With so many celebrations going on throughout the year, it brings about the question: which one is the ultimate one? Out of all of them, there’s bound to be one that holds the most significance, even if it is just by a fine margin. 

True enough, there is one in the mix of matsuri that holds the title of the #1 annual event. No one in the country misses it for anything in the world. What is it, you ask? Read on to find out!

Events and Festivals in Japan

Did you know: there are more than 300,000 matsuri in Japan alone! You will never run out of entertainment and activities to do in the country. They come in all forms — everything from dance performances to traditional arts competitions, Japanese festivals covered them all! 

These traditional festivals can vary depending on the area that they are being held in. You’ll get the Yosakoi Matsuri — a traditional dancing competition festival — in Kochi Prefecture and Yuki Matsuri — a regional snow festival — in the Hokkaido Prefecture.

What’s more, the matsuri costumes can be completely different from other areas depending on where it is being held. It’s like a representation of the region that they are from. If a matsuri is sponsored by a local shrine or temple and is organised by the local community, chances are there will be a group of people in local costumes carrying a mikoshi (神輿) — a sacred portable Shinto shrine that is believed to serve as transportation for a deity during a festival or when moving to a new shrine. The people also believe that this addition to the festival will bless the town and the people in it during the celebration.

The #1 Annual Event in Japan Is… Shogatsu (New Year)

You didn’t have to wait long for the big reveal, did you? Without a doubt, the #1 annual event in all of Japan is definitely Shogatsu (正月), which translates to the Japanese New Year. This annual festival is celebrated according to the Gregorian calendar, which means the Japanese new year falls on the same day as New Year’s Day — the first of January. This special time of the year is where families get together and spend quality time with each other, friends gather and have the time of their lives and the final memories for the year are made. 

This significant celebration in Japan is nothing like the rest of the world, though; while the West focuses on welcoming the start of the new year and (maybe) short-lived resolutions, the Shogatsu is far more serious. The event doesn’t start just the day before and ends when the year adds on another digit — Shogatsu begins days before the end of the year and continues a few days after. There is also a strong emphasis on prosperity and blessing in the upcoming year.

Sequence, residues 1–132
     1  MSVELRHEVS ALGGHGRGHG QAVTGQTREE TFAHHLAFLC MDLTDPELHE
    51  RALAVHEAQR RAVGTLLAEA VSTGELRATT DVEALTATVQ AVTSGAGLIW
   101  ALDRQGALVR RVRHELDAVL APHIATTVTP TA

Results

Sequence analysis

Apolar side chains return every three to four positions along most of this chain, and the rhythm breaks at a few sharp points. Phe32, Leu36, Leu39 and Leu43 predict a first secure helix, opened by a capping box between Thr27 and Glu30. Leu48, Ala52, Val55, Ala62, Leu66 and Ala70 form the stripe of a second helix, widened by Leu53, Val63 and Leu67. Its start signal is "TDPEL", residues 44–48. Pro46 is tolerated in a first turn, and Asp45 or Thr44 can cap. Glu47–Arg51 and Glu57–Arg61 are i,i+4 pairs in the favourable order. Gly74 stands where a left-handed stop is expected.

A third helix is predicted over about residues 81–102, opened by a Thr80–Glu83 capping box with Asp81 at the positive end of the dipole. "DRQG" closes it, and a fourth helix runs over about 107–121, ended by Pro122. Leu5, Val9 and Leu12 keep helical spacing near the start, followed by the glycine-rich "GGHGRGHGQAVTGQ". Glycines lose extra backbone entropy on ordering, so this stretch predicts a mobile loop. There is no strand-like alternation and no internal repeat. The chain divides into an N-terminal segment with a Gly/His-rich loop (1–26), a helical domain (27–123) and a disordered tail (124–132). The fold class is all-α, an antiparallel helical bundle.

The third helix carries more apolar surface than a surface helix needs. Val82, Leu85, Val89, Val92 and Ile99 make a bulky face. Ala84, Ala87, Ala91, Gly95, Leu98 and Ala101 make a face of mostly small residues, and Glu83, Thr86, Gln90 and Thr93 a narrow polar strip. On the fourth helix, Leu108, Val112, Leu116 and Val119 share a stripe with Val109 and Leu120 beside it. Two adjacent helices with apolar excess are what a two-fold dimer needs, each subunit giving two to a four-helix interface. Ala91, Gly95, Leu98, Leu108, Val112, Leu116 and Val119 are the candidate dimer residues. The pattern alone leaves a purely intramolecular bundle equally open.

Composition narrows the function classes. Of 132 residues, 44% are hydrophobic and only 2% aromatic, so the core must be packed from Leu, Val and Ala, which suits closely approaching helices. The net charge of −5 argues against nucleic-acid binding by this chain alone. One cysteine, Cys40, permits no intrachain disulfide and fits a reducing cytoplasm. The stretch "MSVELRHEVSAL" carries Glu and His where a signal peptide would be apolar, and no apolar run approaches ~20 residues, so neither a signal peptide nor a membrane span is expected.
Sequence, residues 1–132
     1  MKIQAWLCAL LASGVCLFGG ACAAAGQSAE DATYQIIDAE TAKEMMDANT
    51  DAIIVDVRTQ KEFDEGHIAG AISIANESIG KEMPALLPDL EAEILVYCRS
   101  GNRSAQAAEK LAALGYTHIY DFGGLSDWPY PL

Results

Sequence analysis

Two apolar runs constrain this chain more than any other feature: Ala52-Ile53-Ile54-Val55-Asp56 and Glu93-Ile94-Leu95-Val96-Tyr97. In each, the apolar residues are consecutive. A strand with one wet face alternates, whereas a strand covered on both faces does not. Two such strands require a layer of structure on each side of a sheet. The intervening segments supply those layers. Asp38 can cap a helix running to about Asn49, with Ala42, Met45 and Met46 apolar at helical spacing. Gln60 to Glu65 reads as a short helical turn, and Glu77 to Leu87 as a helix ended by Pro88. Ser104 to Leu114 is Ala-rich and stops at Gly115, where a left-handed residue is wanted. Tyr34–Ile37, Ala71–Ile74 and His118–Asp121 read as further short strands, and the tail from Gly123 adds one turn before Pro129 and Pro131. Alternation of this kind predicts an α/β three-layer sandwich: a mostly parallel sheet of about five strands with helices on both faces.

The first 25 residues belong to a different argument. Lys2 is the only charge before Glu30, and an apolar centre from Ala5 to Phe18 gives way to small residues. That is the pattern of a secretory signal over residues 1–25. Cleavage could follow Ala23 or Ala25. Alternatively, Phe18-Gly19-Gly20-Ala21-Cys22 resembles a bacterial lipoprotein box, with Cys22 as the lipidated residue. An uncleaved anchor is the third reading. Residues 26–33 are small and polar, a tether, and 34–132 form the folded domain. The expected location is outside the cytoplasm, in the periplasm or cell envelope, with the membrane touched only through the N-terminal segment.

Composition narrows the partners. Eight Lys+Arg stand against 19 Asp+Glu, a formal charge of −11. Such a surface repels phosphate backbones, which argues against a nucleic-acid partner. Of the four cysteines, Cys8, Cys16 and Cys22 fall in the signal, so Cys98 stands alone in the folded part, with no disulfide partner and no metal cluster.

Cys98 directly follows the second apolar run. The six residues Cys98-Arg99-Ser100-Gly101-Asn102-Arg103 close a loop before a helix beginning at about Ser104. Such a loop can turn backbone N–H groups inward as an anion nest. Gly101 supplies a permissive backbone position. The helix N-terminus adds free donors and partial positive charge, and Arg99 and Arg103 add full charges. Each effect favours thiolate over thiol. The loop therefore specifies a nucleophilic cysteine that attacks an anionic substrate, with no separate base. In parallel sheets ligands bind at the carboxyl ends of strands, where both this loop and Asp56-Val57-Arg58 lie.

Shogatsu Traditions

Just like every other aspect of the country, the Japanese have their own unique traditions when it comes to the Shogatsu. That’s what makes Japan, well, Japan. The list of Shogatsu traditions can go on and on, but there are a couple of them that are more prominent than others.

For example, at the stroke of midnight, Buddhist temples all around the country ring their bells 108 times — this number is believed to be the estimated number of worldly sins and desires. On top of that, an abundance of traditional foods — particularly soba as a symbol of good health — are prepared to be feasted on and children are given money. The Emperor of Japan will also begin the New Year with a dawn prayer for the nation.

The day after New Year’s, on the 2nd of January, the public is allowed access to the inner palace grounds in Tokyo. This is a rare treat that is only granted twice a year; the only other day is on the Emperor’s Birthday celebration on the 23rd of December.

The Japanese celebrate Shogatsu very seriously — most businesses remain closed until at least the 3rd of January.

A couple of days later, on the 9th of January, is the Coming of Age Day celebration. Some do consider this as part of the Shogatsu celebration — very subjective, I believe.

Other Big Annual Events In Japan

Shogatsu definitely takes the #1 spot easily, but there are also a few other major events in Japan that are celebrated just as seriously. In the mix of over 300,000 matsuri, a few of the other ones stand out.